You must remember this

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Plume, Nov 1, 1998 - Fiction - 436 pages
129 Reviews
Joyce Carol Oates's epic novel of an American family in the 1950's probes the tender division between the permissible and the forbidden, between ordinary life and the secret places of the heart. Set in an industrial, working-class town in upstate New York, this book chronicles the frustrating marriage of parents Lyle and Hannah; the idealistic political journey of son Warren, and the passionate, obsessive relationship that develops between 15-year-old Enid Maria and her uncle Felix, a professional boxer twice her age. While brilliantly re-creating a decade that worshipped conformity, "You Must Remember This" presents the lives of family members that break every convention in the search for meaning and fulfillment.

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User Review  - LynnB - LibraryThing

A deep, moving and fascinating portrayal of a family in the mid-1950s. Ms. Oates is a very good writer and she is really able to evoke a sense of time and place. Most importantly, she gives us complex ... Read full review

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I love JCO, always have and always will. This was awful though--i quit reading it when Warren rescued the crazy Miriam chick or whoever it was. The subject matter at first did not put me off, but as Enid kept falling crazier in lust with her uncle I got to where I couldn't stomach anymore of it. I think JCO was trying to do too many things at once, plus I don't think she researched the effects of sexual abuse and incest well enough. Her short stories, particularly from the 60s, are excellent, and short stories are what I wish she'd stick to. This was the third novel of hers I've tried to read (the slly Assassins and the choppy Bellefleur being the other two)/I will not being reading another one of her novels--i'll stick to her short stories from now on.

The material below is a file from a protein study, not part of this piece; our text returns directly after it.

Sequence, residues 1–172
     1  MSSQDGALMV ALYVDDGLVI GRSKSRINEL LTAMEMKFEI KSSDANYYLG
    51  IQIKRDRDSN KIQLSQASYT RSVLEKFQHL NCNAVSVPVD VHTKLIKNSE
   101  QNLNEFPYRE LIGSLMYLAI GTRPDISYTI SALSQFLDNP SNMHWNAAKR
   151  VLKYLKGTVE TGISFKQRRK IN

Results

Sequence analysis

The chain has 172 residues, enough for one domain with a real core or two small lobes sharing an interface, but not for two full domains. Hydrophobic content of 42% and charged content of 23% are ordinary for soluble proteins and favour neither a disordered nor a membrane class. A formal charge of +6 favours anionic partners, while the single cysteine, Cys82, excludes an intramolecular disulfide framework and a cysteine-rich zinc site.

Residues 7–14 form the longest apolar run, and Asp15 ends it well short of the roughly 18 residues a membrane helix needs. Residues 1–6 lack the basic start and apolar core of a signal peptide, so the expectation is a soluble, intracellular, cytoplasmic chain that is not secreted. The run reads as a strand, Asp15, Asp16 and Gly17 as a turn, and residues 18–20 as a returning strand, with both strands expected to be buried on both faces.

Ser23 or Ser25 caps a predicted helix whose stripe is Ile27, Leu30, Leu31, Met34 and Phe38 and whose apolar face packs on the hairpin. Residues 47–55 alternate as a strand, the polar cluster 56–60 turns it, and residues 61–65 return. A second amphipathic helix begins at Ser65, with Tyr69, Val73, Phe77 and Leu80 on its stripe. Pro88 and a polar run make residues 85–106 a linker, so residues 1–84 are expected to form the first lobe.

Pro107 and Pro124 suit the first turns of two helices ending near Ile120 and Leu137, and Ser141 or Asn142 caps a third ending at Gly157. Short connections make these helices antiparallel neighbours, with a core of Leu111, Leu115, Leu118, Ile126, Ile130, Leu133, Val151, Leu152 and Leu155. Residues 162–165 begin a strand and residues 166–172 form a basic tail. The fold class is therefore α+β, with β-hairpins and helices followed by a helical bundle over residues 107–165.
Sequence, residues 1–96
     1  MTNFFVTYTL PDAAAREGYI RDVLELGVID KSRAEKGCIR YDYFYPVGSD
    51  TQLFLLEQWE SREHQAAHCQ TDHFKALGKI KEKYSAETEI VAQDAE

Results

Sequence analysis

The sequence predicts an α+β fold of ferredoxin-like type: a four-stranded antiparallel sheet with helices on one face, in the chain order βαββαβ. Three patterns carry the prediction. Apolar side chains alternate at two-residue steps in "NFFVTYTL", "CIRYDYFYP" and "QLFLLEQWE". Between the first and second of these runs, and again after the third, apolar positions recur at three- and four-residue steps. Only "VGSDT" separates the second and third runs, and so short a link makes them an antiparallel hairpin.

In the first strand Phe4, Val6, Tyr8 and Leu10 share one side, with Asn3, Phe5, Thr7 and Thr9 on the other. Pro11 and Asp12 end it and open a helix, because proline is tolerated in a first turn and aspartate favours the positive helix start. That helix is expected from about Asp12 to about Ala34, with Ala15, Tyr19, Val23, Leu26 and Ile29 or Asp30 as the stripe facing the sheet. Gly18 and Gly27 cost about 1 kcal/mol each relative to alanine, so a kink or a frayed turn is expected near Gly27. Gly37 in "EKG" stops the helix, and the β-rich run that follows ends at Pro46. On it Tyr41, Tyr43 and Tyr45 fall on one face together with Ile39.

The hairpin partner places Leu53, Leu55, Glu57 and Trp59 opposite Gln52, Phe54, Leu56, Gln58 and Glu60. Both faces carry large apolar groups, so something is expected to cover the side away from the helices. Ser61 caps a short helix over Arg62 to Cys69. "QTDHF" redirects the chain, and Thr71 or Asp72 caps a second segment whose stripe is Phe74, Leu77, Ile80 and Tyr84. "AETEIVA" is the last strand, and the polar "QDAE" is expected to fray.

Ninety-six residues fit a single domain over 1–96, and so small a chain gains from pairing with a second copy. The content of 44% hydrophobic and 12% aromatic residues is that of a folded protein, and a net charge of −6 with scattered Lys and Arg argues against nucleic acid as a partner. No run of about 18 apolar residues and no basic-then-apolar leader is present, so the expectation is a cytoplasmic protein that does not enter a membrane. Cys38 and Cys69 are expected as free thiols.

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About the author (1998)

Joyce Carol Oates was born in 1938 in Upstate, New York. She attended Syracuse University and graduated as Valedictorian. She then attended University of Wisconsin where she earned an M. A. By the time she was 47 years old, she had published at least that many separate books, including 16 full-length novels and more than a dozen collections of short stories. Some of her works were done under the pseudonym Rosamund Smith. She has also written numerous poems collected in several volumes, at least three plays, many critical essays, and articles and reviews on various subjects while fulfilling her obligations as a professor of English at the University of Windsor, where with her husband Raymond Smith she edited the Ontario Review, which the couple has continued since moving to Princeton in 1978. She has earned a reputation as indubitably one of our most prolific writers and very likely one of our best. Her fiction alone demonstrates considerable variety, ranging from direct naturalism to complex experiments in form. However, what chiefly makes her work her own is a quality of psychological realism, an uncanny ability to bring to the surface an underlying sense of foreboding or a threat of violence that seems to lurk just around the corner from the everyday domestic lives she depicts so realistically. Her first six novels, including Them (1969), which won the National Book Award, express these qualities in varying ways. she is also the recipient of an NEA grant, a Guggenheim fellowship, the PEN/Malamud Lifetime Achievement Award, and the F. Scott Fitzgerald Award for Lifetime Achievement in American Literature. Her title Give Me Your Heart made the New York Times Best seller list for 2011.

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